Chad Mendell

Chad Mendell is the former Managing Editor for .

Articles by Chad Mendell

Laminitis (AAEP Convention 2005)

What causes laminitis? Is it the same as founder? Should I remove shoes from a horse with acute laminitis? Should I soak his feet? Does laminitis always have devastating consequences? Read More

Pre-Purchase Exams (AAEP 2005)

"A pre-purchase exam is only one factor to help you decide if you are going to purchase an animal," said Craig Roberts, DVM, an Ocala, Fla., practitioner. purchase exams are designed to discover a horse's unique concerns and discuss the management Read More

AAEP Convention 2005: More Veterinary Students Going Into Equine Medicine

A few years ago the American Association of Equine Parishioners identified a disturbing trend: The number of veterinary graduates pursuing careers in equine medicine was dwindling. Long hours, low pay, and lack of expertise were seen as common Read More

AAEP Convention 2005: How To Repair Incisors

Mandible (lower jaw) and premaxillary (upper jaw) fractures are common equine head injuries, according to David Moll, DVM, MS, Dipl. ACVS, professor of large animal clinical sciences at Oklahoma State University. There are many described Read More

Stallion Handling (AAEP 2005)

A stallion handler must be able to focus the stallion's mind on him, as well as the mare, and make him wait for instructions. This cannot be achieved through fear or abusiveness, but through training basic cues and maneuvers to the stallion before he Read More

AAEP Convention 2005: Lameness in Racehorses

Inconsistencies in racetrack surfaces account for a large number of lamenesses in racehorses, said Jeff Blea, DVM, of the Southern California Equine Foundation in Arcadia, Calif., during the Lameness in Racehorses Forum held at the 51st Annual Read More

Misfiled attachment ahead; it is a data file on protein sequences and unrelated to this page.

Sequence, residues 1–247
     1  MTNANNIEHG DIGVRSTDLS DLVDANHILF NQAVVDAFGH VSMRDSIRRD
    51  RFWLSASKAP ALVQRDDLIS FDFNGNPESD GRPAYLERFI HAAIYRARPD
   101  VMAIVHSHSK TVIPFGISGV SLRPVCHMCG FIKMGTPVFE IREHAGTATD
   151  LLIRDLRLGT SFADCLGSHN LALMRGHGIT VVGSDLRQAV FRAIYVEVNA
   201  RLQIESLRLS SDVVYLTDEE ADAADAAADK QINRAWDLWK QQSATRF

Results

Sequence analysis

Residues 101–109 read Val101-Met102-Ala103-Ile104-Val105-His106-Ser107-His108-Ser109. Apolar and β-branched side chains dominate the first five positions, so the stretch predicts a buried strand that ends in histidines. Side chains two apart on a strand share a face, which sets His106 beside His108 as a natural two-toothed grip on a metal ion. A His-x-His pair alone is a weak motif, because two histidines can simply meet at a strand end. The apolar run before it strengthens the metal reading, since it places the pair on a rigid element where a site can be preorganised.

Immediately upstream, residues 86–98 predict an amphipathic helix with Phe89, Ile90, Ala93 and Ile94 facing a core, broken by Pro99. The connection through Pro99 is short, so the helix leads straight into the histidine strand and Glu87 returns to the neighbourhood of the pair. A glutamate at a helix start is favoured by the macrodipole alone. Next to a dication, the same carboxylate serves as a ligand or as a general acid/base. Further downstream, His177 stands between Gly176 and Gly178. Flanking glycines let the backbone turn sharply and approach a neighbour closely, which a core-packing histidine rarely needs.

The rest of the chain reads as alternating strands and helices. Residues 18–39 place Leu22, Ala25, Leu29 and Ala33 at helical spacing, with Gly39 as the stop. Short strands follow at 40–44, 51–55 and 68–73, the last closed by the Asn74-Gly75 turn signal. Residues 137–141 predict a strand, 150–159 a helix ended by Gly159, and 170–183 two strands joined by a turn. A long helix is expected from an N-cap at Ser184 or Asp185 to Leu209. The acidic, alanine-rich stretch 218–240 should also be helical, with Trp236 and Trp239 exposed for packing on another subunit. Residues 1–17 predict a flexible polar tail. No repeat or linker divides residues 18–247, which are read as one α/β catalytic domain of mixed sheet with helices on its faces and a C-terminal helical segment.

AAEP Convention 2005: Tendon injuries: New Treatments

Injuries to the superficial digital flexor tendon account for as much as 30% of all Thoroughbred racing injuries, and of those that do heal there is a high incidence of reoccurrence, according to Linda Dahlgren, DVM, PhD, Dipl. ACVS, of Read More

AAEP Convention 2005: Problems With Multiple Embryo Collection

Embryo transfer has been well-established in the horse industry as a method of obtaining multiple offspring from a valuable donor mare. The increased usage of this technique prompted Colorado State University (CSU) researchers to examine the Read More

AAEP Convention 2005: Increasing Embryo Recovery and Fertility

In a study from the University of Saskatchewan, Canadian researchers compared ovulation rates, embryo recovery and quality, and subsequent pregnancy rate using two estrus synchronization methods--prostaglandin (PG) administration and progesteron Read More

AAEP Convention 2005: Optimizing Pregnancy Rates for Frozen-Thawed Semen

A major disadvantage associated with frozen-thawed semen is the fertility of the semen, which can be considerably less than fresh semen. This can be problematic when deciding how many progressively motile sperm (PMS) are needed per breeding to Read More

Suit Filed Over Horsemeat Inspections

Animal rights groups and U.S. residents living near three horsemeat processing plants jointly filed suit against the USDA on Feb. 13, less than a week after USDA announced a program to allow fee-for-service inspections of horses at slaughter Read More

Final Kentucky Racetrack Released From Quarantine

Equine herpesvirus quarantines at two Kentucky Thoroughbred facilities were released, ending the recent outbreak of the neurologic disease. Robert Stout, DVM, Kentucky state veterinarian, lifted the quarantine at Turfway Park in Florence on Feb. Read More

Forelimb Lameness Common in Barrel Horses